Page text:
Mahakal  temples Bijolia The ancient site of Bijolian (Vindhyavali) assumed importance as a holy place for the Jainas and Saivas. Of the two rock inscriptions, the one dated V.S. 1226 belonging to the Chahamanas records the genealogy of the Chahamanas upto the coronation of Somesvara and mentions names of several Brahmanical temples, then existing in Vindhyavali and neighbouring places. One of these temples was that of Mahakala.
Rock Inscriptions (12th century) Bijolia The ancient site of Bijolian (Vindhyavali) assumed importance as a holy place for the Jainas and Saivas. Of the two rock inscriptions, the one dated V.S. 1226 belonging to the Chahamanas records the genealogy of the Chahamanas upto the coronation of Somesvara and mentions names of several Brahmanical temples, then existing in Vindhyavali and neighbouring places. One of these temples was that of Mahakala
Wall Paintings of Hardoti School in the palace Bundi Explained in schools of paintings
Ghateshwar Temple Badoli Pratihara style of temples of the tenth century A.D. Of these temples, four are dedicated to Siva, two to Mahishamardini Durga and one each to Vishnu, Trimurti and Ganesa. Three temples, respectively dedicated to Siva as Ghatesvara, Mahishamardini and Trimurti have preserved their stately single spired nagara sikharas, two have partly preserved sikharas, clustered by anga-sikharas, another two have much damaged brick-built sikharas while two shrines have completely lost their superstructures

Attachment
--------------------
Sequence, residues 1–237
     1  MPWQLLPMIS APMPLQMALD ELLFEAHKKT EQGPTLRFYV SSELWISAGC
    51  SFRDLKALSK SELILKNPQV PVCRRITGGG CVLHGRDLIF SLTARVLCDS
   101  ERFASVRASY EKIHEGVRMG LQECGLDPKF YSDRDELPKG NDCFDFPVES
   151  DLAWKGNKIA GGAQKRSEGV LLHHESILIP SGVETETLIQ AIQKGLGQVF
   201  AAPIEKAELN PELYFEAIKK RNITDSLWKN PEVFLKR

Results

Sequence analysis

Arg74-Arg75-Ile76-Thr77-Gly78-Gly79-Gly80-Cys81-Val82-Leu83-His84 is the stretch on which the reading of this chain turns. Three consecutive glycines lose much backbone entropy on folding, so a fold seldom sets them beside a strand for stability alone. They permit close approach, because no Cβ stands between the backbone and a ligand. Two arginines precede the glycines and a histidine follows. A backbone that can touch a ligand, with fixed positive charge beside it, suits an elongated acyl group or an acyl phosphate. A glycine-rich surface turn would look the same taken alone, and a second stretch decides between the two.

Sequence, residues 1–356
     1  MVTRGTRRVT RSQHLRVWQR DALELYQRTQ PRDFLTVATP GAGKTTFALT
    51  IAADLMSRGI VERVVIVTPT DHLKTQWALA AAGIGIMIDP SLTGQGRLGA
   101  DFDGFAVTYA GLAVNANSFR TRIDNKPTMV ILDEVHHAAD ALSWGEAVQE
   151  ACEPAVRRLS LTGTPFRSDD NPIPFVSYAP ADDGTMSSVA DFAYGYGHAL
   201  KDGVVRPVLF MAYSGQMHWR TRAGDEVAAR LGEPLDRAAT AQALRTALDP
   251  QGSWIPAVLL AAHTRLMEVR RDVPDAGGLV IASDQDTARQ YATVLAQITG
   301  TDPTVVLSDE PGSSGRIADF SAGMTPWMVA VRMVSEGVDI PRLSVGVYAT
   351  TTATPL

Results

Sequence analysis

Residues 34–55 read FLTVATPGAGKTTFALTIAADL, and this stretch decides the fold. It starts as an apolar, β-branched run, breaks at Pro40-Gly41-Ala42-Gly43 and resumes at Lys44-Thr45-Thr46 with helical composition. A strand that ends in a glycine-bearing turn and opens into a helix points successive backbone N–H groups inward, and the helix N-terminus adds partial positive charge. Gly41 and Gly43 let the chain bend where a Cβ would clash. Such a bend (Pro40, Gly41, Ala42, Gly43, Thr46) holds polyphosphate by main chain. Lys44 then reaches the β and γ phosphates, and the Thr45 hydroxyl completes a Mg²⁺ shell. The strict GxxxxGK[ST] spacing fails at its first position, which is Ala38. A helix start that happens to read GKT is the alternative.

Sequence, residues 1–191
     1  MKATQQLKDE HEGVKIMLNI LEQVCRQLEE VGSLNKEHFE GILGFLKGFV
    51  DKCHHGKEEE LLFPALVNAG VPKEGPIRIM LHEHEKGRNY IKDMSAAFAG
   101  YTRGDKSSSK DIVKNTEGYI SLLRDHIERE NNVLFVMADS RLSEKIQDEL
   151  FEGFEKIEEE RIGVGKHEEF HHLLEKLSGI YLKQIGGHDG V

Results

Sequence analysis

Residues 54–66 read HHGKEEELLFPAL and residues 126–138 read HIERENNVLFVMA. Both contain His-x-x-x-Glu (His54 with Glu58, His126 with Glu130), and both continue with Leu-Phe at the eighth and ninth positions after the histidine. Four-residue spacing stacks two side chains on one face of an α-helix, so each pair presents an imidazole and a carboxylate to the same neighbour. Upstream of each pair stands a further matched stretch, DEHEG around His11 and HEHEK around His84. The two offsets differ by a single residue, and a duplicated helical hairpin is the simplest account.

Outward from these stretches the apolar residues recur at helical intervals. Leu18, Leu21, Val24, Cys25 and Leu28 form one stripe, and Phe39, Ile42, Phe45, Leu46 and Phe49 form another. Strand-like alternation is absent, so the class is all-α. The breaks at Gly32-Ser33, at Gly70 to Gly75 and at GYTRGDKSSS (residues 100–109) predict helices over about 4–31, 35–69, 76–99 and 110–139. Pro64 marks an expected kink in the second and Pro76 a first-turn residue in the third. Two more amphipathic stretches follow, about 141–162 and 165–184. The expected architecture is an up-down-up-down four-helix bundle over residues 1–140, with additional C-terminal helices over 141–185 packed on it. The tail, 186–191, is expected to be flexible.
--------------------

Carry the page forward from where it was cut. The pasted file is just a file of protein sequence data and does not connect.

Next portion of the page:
Mahanal Temple & Math Menal Mahanlal Temple and Math in Chittorgarh is dedicated to the Lord Shiva. Built around 11th century, this place became the centre of Shaivism during the reign of Chahamanas. Built in the Bhumija style of architecture with stellate  pancharatha ground plan and corresponding superstructure carrying strings of angasikharas, surmounted by a double amalaka, this temple speaks of utter magnificence and spirituality. A visit to this temple is a must while you are on your exploration tour of Chittorgarh.
Somnath Temple Deo Somnath Somnath Temple
Buddhist Caves and Pillars Binnayaga (Dag) Buddhist Caves and Pillars
Caves of Naranjani etc. Binnayaga (Dag) Caves of Naranjani etc.
Buddhist Caves Hathiagor Buddhist Caves
Buddhist Caves, Pillars, Idols Kolvi (Dag) Buddhist Caves, Pillars, Idols
Old Temples near the Chandrabhaga Jhalrapatan Old Temples near the Chandrabhaga
Ancient Mound Abaneri Ancient Mound
Baori Abaneri Baori
Harsat Mata ka Mandir Abaneri Harsat Mata ka Mandir
Banjaron ki Chhatri (containing two pillars similar to railing pillars of Bharhut Stupa) Lalsot Banjaron ki Chhatri (containing two pillars similar to railing pillars of Bharhut Stupa)